New fiction posted on Simily

I’ve recently been doing a bit of investigation around the different platforms that are popping up for sharing written work. The reason for this is that I’ve had a short story sitting around on my computer that I’m pretty happy with, but I couldn’t find a place to put it. It’s been bounced from a couple of magazines with people saying it’s not there thing, and I feel pretty fine about that. Some of the other magazines that I was interesting in sending it too are still closed to submissions for now following the pandemic, and I’m I feel like I want to get it out there and move on to the next thing. It’s also bit long to post as a blog post, and I feel like my website may not be the best place to get it seen.

So, I’m trying out the new fiction sharing platform Simily, where I have posted my short story ‘Old Grey Beard’. The platform is currently trying to build up a membership and readershi base, and aim to connect readers with good stories and writers with a paying audience. At the moment if you read my story there, whether you decide to sign up to the platform or not, I’ll get paid $0.02 per view (reading for more than 5 second), so if you are interested in reading some of my work I’d appreciate it if you would head on over there and have a read.

I think I’m going to try it out for the next year or so and see how I get on. I don’t write that many shorts and I kind of struggle with them a bit so it may be a good way of getting a bit of feedback from people who don’t know and like me, which would be a great help too. So, I hope to see you over there, any and all comments greatly recieved!

Thank you for reading. I also write, make art and films. If you are interested in the process of creativity and want to get a copy of my free short book of creative prompts, and to hear more about my writing projects please join my mailing list here. You can see my films at my YouTube channel here. You can see things with my designs on at my shop here. Could even treat yourself if you wanted to. Just saying. If buying art is not your thing, but you would like to support what you see I also have a Patreon page here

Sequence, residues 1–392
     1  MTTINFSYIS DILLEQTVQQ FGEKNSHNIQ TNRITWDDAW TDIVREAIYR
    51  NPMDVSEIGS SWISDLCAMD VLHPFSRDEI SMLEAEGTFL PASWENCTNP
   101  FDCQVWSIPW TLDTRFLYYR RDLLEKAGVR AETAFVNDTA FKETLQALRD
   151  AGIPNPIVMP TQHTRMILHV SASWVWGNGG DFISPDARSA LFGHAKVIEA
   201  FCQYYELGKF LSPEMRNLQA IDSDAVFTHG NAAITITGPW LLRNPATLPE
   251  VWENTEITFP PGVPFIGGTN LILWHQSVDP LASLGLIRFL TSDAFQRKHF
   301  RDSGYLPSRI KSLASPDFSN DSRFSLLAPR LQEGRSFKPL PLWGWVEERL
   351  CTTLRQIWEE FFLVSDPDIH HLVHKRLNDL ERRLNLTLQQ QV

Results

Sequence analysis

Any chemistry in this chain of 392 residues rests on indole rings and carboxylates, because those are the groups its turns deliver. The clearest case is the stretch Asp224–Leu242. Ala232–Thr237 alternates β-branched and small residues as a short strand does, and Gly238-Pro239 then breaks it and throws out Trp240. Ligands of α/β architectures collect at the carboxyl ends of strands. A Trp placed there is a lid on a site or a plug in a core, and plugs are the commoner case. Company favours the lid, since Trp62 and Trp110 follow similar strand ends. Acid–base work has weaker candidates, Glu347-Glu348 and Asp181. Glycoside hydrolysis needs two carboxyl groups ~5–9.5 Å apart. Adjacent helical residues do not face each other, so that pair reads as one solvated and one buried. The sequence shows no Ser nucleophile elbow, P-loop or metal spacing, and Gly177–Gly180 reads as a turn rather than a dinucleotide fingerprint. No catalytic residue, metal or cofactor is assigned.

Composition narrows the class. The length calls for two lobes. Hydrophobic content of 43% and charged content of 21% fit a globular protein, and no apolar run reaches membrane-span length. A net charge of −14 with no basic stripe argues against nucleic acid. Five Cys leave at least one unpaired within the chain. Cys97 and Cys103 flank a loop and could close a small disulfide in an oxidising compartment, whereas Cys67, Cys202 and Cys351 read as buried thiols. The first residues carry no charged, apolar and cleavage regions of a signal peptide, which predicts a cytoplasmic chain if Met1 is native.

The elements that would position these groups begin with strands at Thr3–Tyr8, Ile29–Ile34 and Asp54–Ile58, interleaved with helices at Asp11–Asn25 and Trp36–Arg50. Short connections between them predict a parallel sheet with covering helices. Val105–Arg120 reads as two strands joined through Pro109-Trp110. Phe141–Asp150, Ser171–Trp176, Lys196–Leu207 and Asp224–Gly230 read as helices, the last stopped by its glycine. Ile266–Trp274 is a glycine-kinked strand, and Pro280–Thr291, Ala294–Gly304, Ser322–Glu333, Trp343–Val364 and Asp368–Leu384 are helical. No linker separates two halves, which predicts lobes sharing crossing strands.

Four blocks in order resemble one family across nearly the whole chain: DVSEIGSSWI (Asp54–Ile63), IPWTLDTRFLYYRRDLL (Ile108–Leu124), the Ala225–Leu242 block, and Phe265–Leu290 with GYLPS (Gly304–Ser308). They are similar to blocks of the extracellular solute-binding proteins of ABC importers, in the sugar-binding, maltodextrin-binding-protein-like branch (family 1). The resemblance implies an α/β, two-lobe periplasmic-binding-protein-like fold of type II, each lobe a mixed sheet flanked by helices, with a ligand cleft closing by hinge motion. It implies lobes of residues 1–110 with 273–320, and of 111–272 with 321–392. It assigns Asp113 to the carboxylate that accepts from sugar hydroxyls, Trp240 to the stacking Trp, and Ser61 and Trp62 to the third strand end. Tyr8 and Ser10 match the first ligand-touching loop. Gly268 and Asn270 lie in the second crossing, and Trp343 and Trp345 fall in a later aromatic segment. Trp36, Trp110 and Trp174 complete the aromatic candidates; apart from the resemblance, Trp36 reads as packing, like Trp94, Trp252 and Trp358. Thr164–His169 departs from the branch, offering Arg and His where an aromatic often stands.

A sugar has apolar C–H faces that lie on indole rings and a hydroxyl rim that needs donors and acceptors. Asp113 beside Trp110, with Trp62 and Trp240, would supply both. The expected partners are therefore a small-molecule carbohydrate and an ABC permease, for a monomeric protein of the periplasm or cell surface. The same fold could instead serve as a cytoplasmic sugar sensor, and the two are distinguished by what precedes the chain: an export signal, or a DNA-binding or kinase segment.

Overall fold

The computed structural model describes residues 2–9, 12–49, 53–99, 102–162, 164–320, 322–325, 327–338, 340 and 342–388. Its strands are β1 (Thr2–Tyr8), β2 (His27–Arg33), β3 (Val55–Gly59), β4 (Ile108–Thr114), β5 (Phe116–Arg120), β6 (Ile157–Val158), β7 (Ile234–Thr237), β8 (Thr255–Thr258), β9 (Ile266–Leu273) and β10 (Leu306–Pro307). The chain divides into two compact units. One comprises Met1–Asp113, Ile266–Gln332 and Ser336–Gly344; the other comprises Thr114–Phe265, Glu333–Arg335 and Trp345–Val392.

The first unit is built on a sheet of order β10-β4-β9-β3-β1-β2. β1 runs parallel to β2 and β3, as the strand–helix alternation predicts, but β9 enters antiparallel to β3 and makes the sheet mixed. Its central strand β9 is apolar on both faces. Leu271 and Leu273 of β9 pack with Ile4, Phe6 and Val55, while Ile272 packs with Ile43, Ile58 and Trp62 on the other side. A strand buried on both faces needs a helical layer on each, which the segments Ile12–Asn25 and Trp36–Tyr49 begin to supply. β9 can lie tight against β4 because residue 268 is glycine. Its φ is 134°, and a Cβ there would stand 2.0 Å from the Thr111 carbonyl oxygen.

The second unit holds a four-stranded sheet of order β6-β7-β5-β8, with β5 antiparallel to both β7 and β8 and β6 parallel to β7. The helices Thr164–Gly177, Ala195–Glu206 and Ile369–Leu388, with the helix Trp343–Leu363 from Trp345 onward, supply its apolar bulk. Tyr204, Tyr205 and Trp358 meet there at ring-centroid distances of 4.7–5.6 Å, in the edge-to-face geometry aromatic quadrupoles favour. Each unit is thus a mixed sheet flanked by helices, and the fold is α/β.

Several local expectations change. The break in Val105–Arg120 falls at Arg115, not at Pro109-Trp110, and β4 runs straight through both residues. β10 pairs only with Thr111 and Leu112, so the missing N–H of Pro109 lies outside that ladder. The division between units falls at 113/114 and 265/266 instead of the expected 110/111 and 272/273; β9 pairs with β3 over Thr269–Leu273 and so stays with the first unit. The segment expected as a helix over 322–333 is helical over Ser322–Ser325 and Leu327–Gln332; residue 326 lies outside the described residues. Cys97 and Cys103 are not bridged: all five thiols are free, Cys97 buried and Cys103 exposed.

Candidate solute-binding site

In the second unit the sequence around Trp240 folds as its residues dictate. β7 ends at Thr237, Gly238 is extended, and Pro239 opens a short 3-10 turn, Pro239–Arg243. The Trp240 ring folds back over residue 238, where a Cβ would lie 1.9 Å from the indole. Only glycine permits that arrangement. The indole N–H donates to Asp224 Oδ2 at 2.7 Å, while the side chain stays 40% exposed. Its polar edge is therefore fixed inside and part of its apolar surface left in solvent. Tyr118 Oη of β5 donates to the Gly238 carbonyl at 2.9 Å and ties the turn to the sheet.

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More thoughts on writing characters with mental health challenges: my approach so far

A couple of weeks ago I wrote about the challenges involved in writing characters facing mental health challenges. I have been thinking about this quite a lot because one of the protagonists in my novel (working title Feeding Jasmine Valentine) has challenges with her mental health. It’s a fantasy novel and it’s perhaps a little bit unusual for one of the hero’s of the story to be struggling with their mental health, but that’s why it’s important to me that to do a decent job. While I can’t claim to have an encyclopaedic understanding of the genre, I’ve not seen many fantasy books in which the person with mental health challenges gets to be the hero (although that being said there are quite a lot of characters out there who are clearly struggling with trauma), while I have seen plenty of poor or stereotyped bit characters, and I wanted to do something different.

From a personal perspective I’ve had my own challenges and have many friends who have had mental health experiences. Poor representation does none of us any favours.

I’d like to think that I have an advantage here, in that in my day job as a mental health researcher should give me a bit of additional insight, and that have been working alongside people with their own mental health experience for a number of years. 

I thought it may be helpful to try to describe the approach I have been taking here, which really boils down to a very simple set of things: